It starts with a vision. A big idea. You know how to do something or make something or provide something better than anyone else. So you start a business. You’ve never taken an accounting class. Maybe you’ve heard of Debits and Credits, but your focus is on your dream, not the numbers. Here are the very basic things you need to know:
Profit and Loss
Also known as an Income Statement, a P&L tells you how much money you made (or didn’t make) in a given time period. It’s a vertical listing of your accounts and how much you took in or spent for each one.
Income or Revenue will be at the top, probably in a category called Sales or something along those lines. Below it will be your expenses in corresponding categories like Insurance, Office Supplies, or Payroll. This is so you can see not only how much money went out, but who got it.
At the very bottom will be a line called Net Income (or Loss). That’s the amount of money that’s left over from the Income after you deduct all of the expenses. Let’s hope it’s a positive number. If it is positive, it’s profit. If it’s negative, it’s a loss.
At the end of your accounting period – usually a year – all of your P&L accounts go to zero and start over. The Net Income (or Loss) turns into Retained Earnings and goes onto your Balance Sheet.
This is a list of Assets and Liabilities. Assets are things you have – cash in the bank, inventory, Fixed Assets like vehicles. Liabilities are things you owe – loans, credit card balances, Accounts Payable to your vendors. The difference between your Assets and your Liabilities is your Equity. A Balance Sheet always balances. Assets = Liabilities + Equity.
These are forever accounts. They do not zero out at the end of a period. Your bank balance continues month to month, regardless of your accounting period. So do your loans and your other Balance Sheet accounts. They keep a running balance for the life of your business.
Cash or Accrual
These are the two methods of accounting – either by Cash Basis or Accrual Basis. What’s the difference?
Cash Basis means that you count your income or your expenses ONLY when the cash has changed hands. If your customer owes you $100, you don’t consider that income until you GET the $100. If you owe your supplier $50, you don’t count that as an expense until you physically PAY the $50. Your accounting is measured by your CASH in and out of your bank.
Accrual Basis is an attempt to match income and expenses to the appropriate periods when they took place. On Accrual Basis, you have income the moment you sell something and create an invoice for it. If your customer owes you $100, you show $100 of income even if they haven’t paid you. If you buy something from a Vendor today and take it home with you, you recognize that expense even if you have not paid for it yet. Your accounting is measured by what’s happening in time, whether the money has changed hands or not.
“I paid my mortgage every month! Why don’t I see that in my P&L?” Good question. Loan payments are not expenses. A loan payment is reducing a liability. Let’s say you bought a car for $5000. You put no money down and you financed the entire thing. Your books will show a FIXED ASSET of a Vehicle for $5000 and a corresponding LOAN PAYABLE for that Vehicle for $5000. (remember – your Balance Sheet has to balance, so the entry for the Asset has to equal the entry for the Liability).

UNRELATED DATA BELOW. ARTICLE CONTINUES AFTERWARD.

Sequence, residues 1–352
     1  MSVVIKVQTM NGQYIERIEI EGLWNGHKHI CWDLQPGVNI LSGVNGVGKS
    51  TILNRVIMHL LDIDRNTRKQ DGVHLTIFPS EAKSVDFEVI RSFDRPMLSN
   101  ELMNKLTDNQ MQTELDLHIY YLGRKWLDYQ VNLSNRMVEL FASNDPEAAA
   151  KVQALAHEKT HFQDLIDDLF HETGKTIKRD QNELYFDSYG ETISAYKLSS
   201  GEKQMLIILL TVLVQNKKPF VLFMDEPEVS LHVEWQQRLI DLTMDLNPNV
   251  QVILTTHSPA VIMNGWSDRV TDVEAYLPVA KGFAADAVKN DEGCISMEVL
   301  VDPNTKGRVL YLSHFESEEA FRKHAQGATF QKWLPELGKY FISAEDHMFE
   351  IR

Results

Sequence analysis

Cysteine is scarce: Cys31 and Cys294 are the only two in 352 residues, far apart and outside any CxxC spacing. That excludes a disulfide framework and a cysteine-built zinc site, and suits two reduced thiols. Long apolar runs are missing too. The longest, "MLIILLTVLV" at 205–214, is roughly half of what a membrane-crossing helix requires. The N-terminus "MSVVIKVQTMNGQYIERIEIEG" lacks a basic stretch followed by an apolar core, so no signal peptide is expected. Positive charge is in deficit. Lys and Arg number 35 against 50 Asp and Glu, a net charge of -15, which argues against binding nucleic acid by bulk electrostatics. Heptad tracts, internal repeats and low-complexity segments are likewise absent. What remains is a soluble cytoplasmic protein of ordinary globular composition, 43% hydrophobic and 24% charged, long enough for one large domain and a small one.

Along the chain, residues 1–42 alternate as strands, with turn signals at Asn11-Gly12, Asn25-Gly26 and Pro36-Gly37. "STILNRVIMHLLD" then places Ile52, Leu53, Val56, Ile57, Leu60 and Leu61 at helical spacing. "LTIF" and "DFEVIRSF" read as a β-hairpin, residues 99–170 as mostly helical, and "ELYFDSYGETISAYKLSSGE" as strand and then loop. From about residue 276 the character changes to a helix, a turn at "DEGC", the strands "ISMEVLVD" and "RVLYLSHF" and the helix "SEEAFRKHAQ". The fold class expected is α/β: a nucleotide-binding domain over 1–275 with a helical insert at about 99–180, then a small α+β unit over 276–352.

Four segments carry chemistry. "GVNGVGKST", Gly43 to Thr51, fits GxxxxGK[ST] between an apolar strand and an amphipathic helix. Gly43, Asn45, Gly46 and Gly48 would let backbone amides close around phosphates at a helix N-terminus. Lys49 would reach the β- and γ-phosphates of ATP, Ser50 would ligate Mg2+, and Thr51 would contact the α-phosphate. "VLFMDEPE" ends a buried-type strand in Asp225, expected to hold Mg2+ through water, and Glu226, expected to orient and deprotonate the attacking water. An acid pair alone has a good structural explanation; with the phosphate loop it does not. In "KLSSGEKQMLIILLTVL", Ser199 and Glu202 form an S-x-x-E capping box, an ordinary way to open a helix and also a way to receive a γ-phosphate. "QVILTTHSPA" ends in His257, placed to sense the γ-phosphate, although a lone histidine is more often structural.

Now it’s time to make that first payment. To make it easy, let’s say that the payment is $200 of which $180 goes to pay down the loan (the principal), and $20 is for interest. Then your books will show the loan amount is now $4820, (5000 minus 180), and you’ll see INTEREST EXPENSE on your P&L of $20. The interest that you pay for the loan is an expense. The principal reduces the loan.
“But what about the expense of the vehicle!” Another good question. That shows up as DEPRECIATION. Every asset you own depreciates (lessens in value) over time. There are IRS rules regarding how much depreciation is allowed over what time period. Your CPA will give you entry at the end of the year called Depreciation Expense. This allows you to deduct part of the vehicle’s value as an expense, and it reduces the value of the vehicle on your Balance Sheet.
One common mistake of new business owners is tagging that entire payment to the IRS as an Expense. It’s not. Only the matching taxes are an expense. Let’s look at why. We’re going to use some simple numbers to make it easy to understand. Let’s say your employee earns $1000 per week. The paystub will look something like this:
Wages – $1000
Federal Withholding – $100 (just an example; it depends on a variety of things)
Social Security – $62 (always 6.2 percent)
Medicare – $14.50 (always 1.45 percent)
Net Pay – $823.50
There may or may not be state taxes too. For our example, we’ll assume federal taxes only.
The federal government requires employers to match social security and Medicare payments. So when you file the payroll taxes for this period, the total will be $253.00. How much of that is an expense to you?
Here’s how that $253 breaks down:
$100 – the amount your employee has withheld for his income tax
$62 – the amount your employee must pay for social security
$14.50 – the amount your employee must pay to Medicare
$62 – the amount YOU must pay for social security (matching)
$14.50 – the amount YOU must pay for Medicare (matching)
Now you can easily see how much of that $253 is an expense to you. The top three numbers (100, 62, 14.50) are your employee’s money that you held out of his check and are turning in to the federal government on his behalf. The bottom two (62 and 14.50) are your money that the federal government requires you to pay for your employee. So your expense is $$76.50.
These are just a few examples of accounting things you need to know in recording your income and expenses. There are much more, but master these, and you’re on the way to a better understanding of your company’s numbers.